BUYING AN ENERGY-EFFICIENT ELECTRIC MOTOR (7)

7. What design factors should I consider when choosing a new motor?

Motor Size

Size motors for efficiency. Motors should be sized to operate with a load factor between 65% and 100%. The common practice of oversizing results in less efficient motor operation.

For example, a motor operating at a 35% load is less efficient than a smaller motor that is matched to the same load (see Figure 2).
Of course, some situations may require oversizing for peak loads, but in such cases alternative strategies should be considered, such as a correctly sized motor backed up with a pony motor.


Operating Speed

Select replacement energy-efficient motors with a comparable full-load speed for centrifugal load applications (pumps and fans). Induction motors have an operating speed that is slightly lower than their rated synchronous speed. For example, a motor with a synchronous speed of 1800 rpm will typically operate under full load at about 1750 rpm. Operating speed (full-load rpm) is stamped on motor nameplates.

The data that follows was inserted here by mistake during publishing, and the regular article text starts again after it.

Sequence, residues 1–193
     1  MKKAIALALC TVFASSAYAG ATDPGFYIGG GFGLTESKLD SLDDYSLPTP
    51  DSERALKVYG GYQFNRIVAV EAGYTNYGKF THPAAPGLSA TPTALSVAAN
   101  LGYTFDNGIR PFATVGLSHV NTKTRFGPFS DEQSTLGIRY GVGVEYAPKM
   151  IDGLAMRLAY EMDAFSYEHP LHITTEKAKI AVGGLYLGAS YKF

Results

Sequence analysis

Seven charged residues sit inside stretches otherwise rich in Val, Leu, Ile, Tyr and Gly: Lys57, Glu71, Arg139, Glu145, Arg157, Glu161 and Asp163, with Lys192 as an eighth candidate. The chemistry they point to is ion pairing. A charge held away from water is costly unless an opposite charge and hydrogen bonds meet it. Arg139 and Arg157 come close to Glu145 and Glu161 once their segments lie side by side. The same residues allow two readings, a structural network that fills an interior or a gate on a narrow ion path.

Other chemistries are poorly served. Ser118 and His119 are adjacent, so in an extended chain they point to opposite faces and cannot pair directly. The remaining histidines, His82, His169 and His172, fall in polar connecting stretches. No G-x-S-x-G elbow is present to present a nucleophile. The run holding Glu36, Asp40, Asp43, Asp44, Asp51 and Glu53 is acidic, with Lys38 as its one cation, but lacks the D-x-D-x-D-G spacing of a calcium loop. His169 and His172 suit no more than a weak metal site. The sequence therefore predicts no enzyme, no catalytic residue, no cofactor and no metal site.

The difference between the synchronous speed and the operating speed is called slip. Slip varies with load and the particular motor model.
Every pump and fan has a design speed. Centrifugal pump and fan loads are extremely sensitive to speed variations; an increase of just 5 rpm can significantly affect the pump or fan operation, leading to increased flow, reduced efficiency, and increased energy consumption. Whenever a pump or fan motor is replaced, be sure to select a model with a full-load rpm rating equal to or less than that of the motor being replaced.

Inrush Current

Avoid overloading circuits. Energy-efficient motors feature low electrical resistance and thus exhibit higher inrush currents than standard models. The inrush current duration is too short to trip thermal protection devices, but energy-efficient motors equipped with magnetic circuit protectors can sometimes experience nuisance starting trips.


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